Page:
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Eating Disorders

Learn more about anorexia/bulimia


  • Person refuses to maintain normal body weight for age and height
  • Weighs 85% or less than what is expected for age and height
  • In women, menstrual periods stop. 
  • Young girls do not begin to menstruate as the appropriate age
  • Person denies the dangers of low weight
  • Is terrified of becoming fat
  • Is terrified of gaining weight even though s/he is makedly underweight
  • Reports feeling fat even when very thin

Anorexia often includes depression, irritability, withdraw and peculiar behaviours such as compulsive rituals, strange eating habits, a division of foods into "good/safe" and "bad/dangerous" categories.  Anorexics may have low tolerance for change and new situations;  may fear growing up and assuming adult responsibilities and an adult lifestyle.




  • Person binge eats
  • Feels out of control while eating
  • Vomits, misuses laxatives, exercises, or fasts to get rid of the calories
  • Diets when not bingeing.  Becomes hungry and binges again
  • Believes self-worth requires being thin  (It doesn't)
  • May shoplift, be promiscuous, and abuse alcohol, drugs, and credit cards
  • Weight may be normal or near normal unless anorexia is also present


Like anorexia, bulimia can kill.  Even though bulimics put up a brave front, they are often depressed, lonely, ashamed, and empty inside.  Friends may describe them as competent and fun to be with, but underneath, where they hide their guilty secrets, they are hurting.  Feeling unworthy, they have great difficulty talking about their feelings, which almost always include anxiety, depression, self-doubt, and deeply buried anger.  Impulse control may be a problem; eg.  shoplifting, sexual adventurousness, alcohol and drug abuse, and other kinds of risk-taking behaviour.  Person acts with little consideration of consequences.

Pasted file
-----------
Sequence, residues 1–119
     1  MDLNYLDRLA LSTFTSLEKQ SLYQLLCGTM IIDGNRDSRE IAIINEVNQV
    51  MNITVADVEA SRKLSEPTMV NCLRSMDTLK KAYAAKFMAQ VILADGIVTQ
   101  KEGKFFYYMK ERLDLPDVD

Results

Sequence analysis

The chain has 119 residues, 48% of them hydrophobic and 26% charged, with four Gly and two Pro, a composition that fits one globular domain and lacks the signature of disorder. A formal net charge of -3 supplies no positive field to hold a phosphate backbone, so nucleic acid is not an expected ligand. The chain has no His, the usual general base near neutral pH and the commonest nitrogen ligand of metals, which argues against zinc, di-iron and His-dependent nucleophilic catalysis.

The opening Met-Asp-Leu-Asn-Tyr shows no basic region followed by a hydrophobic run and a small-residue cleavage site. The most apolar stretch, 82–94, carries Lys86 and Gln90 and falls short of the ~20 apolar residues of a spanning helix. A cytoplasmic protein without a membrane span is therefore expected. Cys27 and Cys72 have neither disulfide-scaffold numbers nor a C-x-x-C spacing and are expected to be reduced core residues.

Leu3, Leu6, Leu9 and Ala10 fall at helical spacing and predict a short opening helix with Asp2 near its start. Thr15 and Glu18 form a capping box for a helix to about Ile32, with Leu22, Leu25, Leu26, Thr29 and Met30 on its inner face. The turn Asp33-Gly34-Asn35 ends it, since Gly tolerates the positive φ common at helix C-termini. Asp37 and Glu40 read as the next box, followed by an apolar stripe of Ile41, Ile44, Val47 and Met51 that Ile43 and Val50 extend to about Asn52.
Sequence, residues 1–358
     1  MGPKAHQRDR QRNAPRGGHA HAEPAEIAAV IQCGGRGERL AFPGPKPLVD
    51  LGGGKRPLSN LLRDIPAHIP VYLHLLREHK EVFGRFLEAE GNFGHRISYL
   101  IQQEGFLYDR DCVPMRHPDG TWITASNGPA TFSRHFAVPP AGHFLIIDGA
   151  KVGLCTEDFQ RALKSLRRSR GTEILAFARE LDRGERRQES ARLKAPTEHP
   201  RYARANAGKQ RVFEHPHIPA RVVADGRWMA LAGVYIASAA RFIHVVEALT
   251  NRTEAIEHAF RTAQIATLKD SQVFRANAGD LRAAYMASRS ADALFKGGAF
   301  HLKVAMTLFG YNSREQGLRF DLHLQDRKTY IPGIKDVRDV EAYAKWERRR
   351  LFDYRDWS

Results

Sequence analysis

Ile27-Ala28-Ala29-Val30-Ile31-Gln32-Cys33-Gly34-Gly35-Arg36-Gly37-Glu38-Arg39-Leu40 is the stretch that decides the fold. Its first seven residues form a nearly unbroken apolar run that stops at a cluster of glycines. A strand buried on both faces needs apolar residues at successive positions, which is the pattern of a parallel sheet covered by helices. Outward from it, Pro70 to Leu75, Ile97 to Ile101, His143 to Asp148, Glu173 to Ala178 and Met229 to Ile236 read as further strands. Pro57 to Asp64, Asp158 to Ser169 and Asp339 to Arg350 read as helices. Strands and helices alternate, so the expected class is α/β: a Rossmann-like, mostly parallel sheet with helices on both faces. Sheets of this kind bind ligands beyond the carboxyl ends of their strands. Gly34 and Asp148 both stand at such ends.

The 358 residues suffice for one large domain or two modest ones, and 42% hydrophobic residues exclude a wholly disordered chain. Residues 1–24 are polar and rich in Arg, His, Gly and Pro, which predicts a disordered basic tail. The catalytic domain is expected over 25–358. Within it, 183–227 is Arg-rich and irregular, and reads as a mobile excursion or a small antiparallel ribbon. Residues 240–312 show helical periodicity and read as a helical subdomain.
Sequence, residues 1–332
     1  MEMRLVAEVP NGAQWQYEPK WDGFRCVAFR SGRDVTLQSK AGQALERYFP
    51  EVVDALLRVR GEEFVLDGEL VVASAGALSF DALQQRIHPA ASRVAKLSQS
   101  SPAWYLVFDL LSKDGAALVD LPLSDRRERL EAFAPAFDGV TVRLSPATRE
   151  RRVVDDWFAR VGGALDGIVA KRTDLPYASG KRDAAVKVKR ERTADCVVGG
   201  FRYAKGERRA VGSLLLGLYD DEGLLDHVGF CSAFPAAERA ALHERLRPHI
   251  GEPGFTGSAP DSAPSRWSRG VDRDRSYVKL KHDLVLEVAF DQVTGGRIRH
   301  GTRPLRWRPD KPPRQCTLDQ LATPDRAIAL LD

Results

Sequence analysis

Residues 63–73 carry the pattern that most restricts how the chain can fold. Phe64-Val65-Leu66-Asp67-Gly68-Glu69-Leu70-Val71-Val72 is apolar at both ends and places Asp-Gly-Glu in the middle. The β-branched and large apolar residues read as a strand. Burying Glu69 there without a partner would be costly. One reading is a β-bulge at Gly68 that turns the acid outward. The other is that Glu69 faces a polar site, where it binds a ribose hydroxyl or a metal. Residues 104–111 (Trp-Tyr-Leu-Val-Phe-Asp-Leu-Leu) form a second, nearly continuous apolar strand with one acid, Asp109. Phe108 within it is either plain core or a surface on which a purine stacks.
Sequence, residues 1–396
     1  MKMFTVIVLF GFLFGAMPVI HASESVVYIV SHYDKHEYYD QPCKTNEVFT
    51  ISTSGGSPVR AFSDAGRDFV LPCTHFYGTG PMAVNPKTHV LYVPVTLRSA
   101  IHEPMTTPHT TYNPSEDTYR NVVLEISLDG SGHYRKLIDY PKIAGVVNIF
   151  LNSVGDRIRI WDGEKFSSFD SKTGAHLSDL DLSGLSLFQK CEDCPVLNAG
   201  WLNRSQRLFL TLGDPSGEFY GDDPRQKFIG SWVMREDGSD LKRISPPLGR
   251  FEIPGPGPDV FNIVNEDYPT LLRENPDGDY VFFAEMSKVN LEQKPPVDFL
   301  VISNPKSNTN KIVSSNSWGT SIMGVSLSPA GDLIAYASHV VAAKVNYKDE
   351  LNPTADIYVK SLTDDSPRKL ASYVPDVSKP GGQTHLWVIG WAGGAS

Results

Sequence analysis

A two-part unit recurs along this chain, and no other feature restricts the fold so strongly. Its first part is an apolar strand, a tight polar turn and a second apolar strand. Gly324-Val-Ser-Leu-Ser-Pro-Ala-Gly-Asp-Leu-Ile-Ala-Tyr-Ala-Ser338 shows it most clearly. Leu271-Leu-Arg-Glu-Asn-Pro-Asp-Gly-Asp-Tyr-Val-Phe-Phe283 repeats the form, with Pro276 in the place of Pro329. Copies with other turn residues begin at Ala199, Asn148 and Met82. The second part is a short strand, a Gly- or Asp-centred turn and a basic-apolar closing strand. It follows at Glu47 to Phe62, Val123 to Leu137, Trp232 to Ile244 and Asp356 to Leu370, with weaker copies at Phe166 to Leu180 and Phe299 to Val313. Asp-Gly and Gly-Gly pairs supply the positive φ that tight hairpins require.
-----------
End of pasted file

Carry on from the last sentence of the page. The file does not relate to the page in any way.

Instead of dieting, design a meal plan that gives your body all the nutrition it needs for normal growth and health.  If you want to work towards a healthy weight, then limit (but don't eliminate) your intake of fatty and sugary foods and refined carbohydrates.  Eat lots of whole grains, fruits, vegetables, and enough dariy and protein foods to maintain strong bones and healthy muslces and organs.  Also get 30 to 60 min. or exercise or physical activity 3 to 5 days a week.  Anything more rigorous is excessive.  (I personally don't recommend starting to exercise right away-especially for anorexics)

When you start to get overwhelmed by "feeling fat," instead of dwelling on your appearance, ask yourself how your life would be better if you were thinner.  What would you have then that you don't have now?  Friends?  Self-confidence?  Love?  Control?  The admiration of others?  Their acceptance?  Success and status?

Then, realize that being unhealthily thin will bring you none of these things.  All of the above items are legitimate goals of healthy people, but working to achieve them directly is much more effective than losing weight.  (My personal thoughts are just be yourself, don't strive to be something you're not, you'll ultimately be unhappy.)


Accept that your body shape is determined in part by genetics, and you may never have a totally flat stomach.  Even if you are very thin, your internal organs will give a certain roundedness the, especially after you eat and if people in your family tend to store fat in the midsection.


If you feel yourself slipping back into unhealthy habits, call your therapist and schedule an appointment.  Returning to counseling in no way means you have failed.  It means only that it's time to reevaluate and fine tune your recovery plan.  (I think aftercare is critical before you even fall back into old patterns.  Without proper support you are more likely to slip back into unhealthy behaviours.  Set up appointments for your therapist, general practitioner, support group, and special aftercare groups before you even leave the hospital.)